by Fadel Allasan
Your life can change in the blink of an eye. I hate to start off with such a tacky cliche, but it’s an appropriate way to describe what happened to me when I was 11 years old.
On what seemed to be an ordinary Tuesday afternoon for me, I found out that my dad had been offered a job at the International Monetary Fund, an organization headquartered in Washington DC. By Thursday that same week, we had settled into a new home in Ashburn, Virginia, which is halfway around the world from where we had previously lived: Skopje, Macedonia. My family would be given a five-year work visa that was active as long as my father worked for the IMF.
I didn’t know a word of English, nor was I at all familiar with American culture. I had never eaten fast food. I had never watched a Star Wars movie. I had never tipped my waiter. I hadn’t even ever heard of American Football, or as you probably call it: Football. All the characteristics of American culture were so foreign to me, but here, I was the foreigner.
However, I was thrilled to be in what I believe is the greatest country in the world, I still am. My family was pretty well-off financially in Macedonia, and although my father made less money when we moved to the states, the standard of living is so much better here than in so many other countries that it more than made up for the somewhat significant disparity in our income —just one of the many reasons why America is often called “the land of opportunity”.
Life at home was not so pleasant, however. My mother discovered that my father had been cheating on her and the relationship that had been strong for over two decades was broken. My parents began fighting almost daily until, in a manner that seemed so sudden to my young mind, my father decided to desert my mother and his two children, he returned to Macedonia. With my father no longer employed in the states, the rest of my family’s legal status was revoked. In another “blink of an eye” moment, my family was a family of illegal immigrants.
Our lifestyle changed drastically. We were essentially fugitives and had to keep an extremely low profile or risk being deported. Our chances of survival if we were deported back to Macedonia were much slimmer than if we stayed in the states. Why? Because the United States has much better upward mobility than most countries.(Editor’s note: upward mobility is the ability to climb up the social ladder, increase your wages etc.) My mother was unemployed and without a college degree. Without my father to support us, we needed to be in a social environment that was as helpful as possible.
We were dirt poor and surviving off of the little money that my father had given to my mother before he left. The free and reduced lunch program at my public school meant that I was still able to eat a little regularly. But in the summers I ate Cup of Noodles three times a day for years— breakfast. Lunch. Dinner. Although we tried to mask the monotony of our meals by switching up the flavors for every meal, they all tasted the fucking same. I still hate the taste of Cup of Noodles 10 years later.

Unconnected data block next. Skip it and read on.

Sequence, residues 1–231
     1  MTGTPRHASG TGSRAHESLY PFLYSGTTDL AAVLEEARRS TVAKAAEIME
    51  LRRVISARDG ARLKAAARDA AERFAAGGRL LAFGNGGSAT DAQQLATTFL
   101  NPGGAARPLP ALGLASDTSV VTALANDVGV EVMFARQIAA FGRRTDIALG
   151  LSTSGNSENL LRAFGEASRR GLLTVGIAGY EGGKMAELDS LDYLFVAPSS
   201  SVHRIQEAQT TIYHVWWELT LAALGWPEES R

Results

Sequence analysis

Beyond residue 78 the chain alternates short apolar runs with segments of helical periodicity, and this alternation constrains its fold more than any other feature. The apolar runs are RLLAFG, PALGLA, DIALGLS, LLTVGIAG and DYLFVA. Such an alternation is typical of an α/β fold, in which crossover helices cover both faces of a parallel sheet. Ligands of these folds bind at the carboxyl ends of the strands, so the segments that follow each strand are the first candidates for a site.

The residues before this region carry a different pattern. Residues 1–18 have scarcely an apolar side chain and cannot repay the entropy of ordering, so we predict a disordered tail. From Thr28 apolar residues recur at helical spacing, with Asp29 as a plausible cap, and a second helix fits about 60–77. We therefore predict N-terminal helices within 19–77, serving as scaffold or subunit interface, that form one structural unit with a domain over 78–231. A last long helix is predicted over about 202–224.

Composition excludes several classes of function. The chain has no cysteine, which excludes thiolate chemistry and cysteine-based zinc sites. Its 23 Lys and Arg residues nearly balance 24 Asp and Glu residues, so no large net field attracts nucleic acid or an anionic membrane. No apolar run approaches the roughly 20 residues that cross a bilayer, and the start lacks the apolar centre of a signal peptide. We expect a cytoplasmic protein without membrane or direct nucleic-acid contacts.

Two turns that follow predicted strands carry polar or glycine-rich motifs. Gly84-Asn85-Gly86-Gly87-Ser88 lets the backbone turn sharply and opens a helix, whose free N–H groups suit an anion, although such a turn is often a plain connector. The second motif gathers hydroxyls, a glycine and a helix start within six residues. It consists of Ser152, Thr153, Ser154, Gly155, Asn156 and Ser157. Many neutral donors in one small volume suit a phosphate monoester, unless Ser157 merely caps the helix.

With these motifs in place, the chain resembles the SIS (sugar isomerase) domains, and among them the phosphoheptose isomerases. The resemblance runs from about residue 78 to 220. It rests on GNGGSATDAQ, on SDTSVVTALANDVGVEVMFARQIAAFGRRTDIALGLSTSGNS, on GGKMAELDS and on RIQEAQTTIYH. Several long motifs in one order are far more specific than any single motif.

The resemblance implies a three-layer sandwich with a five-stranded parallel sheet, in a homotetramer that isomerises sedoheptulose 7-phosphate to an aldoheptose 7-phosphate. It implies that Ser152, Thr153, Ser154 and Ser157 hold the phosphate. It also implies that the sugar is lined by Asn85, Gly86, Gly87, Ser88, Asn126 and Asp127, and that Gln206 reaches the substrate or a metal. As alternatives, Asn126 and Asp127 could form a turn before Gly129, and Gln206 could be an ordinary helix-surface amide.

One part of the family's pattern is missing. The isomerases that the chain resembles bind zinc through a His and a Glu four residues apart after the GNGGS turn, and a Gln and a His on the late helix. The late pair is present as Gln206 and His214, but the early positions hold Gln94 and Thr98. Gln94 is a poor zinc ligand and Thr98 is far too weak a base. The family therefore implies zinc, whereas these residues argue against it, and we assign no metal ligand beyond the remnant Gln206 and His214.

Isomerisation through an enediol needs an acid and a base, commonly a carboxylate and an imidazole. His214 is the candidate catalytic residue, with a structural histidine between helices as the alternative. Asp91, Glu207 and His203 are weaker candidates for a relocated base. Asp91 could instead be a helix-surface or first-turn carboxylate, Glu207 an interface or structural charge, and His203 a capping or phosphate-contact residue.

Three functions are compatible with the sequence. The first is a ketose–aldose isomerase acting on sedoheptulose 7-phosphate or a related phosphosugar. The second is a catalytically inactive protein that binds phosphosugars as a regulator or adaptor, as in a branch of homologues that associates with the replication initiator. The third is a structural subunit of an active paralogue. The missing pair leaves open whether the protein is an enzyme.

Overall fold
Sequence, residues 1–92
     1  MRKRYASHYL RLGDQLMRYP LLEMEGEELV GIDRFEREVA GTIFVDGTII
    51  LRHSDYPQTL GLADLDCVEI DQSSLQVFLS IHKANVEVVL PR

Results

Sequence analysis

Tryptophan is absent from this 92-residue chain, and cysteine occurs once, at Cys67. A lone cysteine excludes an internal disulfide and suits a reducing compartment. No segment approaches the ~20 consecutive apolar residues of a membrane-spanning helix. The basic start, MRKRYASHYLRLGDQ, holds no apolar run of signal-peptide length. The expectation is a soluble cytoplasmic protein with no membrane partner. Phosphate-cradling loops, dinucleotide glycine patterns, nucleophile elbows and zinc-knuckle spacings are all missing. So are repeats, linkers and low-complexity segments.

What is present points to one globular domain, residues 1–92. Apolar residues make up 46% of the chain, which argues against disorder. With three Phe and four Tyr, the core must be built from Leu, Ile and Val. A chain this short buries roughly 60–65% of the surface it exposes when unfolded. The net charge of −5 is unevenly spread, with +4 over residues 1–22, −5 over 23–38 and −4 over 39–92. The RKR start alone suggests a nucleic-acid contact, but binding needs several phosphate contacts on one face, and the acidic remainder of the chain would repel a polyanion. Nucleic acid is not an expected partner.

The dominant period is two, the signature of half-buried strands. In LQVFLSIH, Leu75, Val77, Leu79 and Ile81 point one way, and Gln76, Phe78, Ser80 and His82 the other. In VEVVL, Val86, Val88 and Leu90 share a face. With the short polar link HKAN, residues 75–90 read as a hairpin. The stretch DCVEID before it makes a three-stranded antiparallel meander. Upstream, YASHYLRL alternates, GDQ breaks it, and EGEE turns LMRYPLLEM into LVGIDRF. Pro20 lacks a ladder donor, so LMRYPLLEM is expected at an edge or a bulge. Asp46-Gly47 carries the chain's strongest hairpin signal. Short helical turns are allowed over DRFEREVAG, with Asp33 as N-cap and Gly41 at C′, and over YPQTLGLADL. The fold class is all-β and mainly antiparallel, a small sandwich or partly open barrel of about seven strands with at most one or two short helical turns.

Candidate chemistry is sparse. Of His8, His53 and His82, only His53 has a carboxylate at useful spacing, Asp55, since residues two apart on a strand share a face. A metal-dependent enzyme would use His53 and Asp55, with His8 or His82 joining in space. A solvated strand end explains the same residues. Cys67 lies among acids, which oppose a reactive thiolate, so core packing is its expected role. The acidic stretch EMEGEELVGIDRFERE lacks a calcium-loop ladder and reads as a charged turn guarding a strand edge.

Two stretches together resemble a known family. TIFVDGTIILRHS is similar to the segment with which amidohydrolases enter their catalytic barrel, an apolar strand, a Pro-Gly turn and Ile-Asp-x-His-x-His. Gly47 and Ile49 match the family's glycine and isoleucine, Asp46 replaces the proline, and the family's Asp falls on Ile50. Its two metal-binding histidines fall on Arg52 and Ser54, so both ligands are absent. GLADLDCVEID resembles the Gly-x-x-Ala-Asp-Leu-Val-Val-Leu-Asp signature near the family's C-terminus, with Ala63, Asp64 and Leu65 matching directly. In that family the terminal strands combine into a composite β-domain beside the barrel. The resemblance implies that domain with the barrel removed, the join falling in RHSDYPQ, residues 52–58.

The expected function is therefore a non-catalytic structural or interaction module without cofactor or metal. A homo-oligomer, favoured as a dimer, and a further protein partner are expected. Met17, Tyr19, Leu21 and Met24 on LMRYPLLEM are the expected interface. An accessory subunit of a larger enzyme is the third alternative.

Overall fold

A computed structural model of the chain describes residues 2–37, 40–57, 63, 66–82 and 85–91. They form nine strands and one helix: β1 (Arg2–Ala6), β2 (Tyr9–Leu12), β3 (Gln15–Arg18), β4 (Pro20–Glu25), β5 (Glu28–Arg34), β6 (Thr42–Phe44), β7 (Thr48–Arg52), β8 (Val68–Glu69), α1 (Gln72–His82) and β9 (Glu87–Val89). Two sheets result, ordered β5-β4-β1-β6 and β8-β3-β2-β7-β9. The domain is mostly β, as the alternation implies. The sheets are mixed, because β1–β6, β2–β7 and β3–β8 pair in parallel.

Our meals began to taste better when my mother found a job as a maid, it was the best job she could find due to her inability to speak English. She saved her money and was able to go to school to be trained as a nurse. She would be a maid during the day and attend classes at night for a couple years until she finally graduated and was able to get a much better paying job as a nurse.
I don’t know where I would be today without my mother’s resilience. Her strength kept our mentally battered family alive at a time when the odds were stacked heavily against us. Today, I’m a junior at a respectable four-year university and my sister graduated from one of the top private colleges in America and has a well-paying job.
Unlike many people who lived here undocumented, my family was lucky. Just when we thought it was impossible to change our legal status, in what seemed like another blink of an eye, we became citizens of the United States of America.
Mexican immigrants come from conditions of extreme poverty, concurrent with the threat of being murdered every day by the dangerous drug cartel. They come to America for a chance at survival. They gladly do the laborious jobs that Americans refuse to do, playing an important role in our economy.
While my experience contrasts the typical Mexican immigrant’s in many ways, there are some semblances in our respective experiences: We are drawn to the United States by the prospect of opportunity— a shot at a better life. Upward income mobility is what created the American dream— the idea that you may not have the life you want now, but work hard enough and one day you will.
I lived in poverty as do many Mexicans who receive extremely low wages. Not only does not speaking English hold you back, but only a select amount of jobs are available to those who are not legally allowed to work, often times, they are the jobs that no one else will do.
I wrote this piece not to ask for the sympathy of those who share the views of Donald Trump, but to ask those people to at least understand why it is that Mexicans cross the border. If those same people that hate illegals were positioned south of the border, they would risk their lives to escape too.
Illegal immigrants aren’t evil people, they’re simply searching for a better life for themselves and their children. They pursue the same happiness that we all do as humans. They know that although their situation is bleak now, life can change in the blink of an eye, they’re simply looking for a place where they have at least the opportunity for it to do so.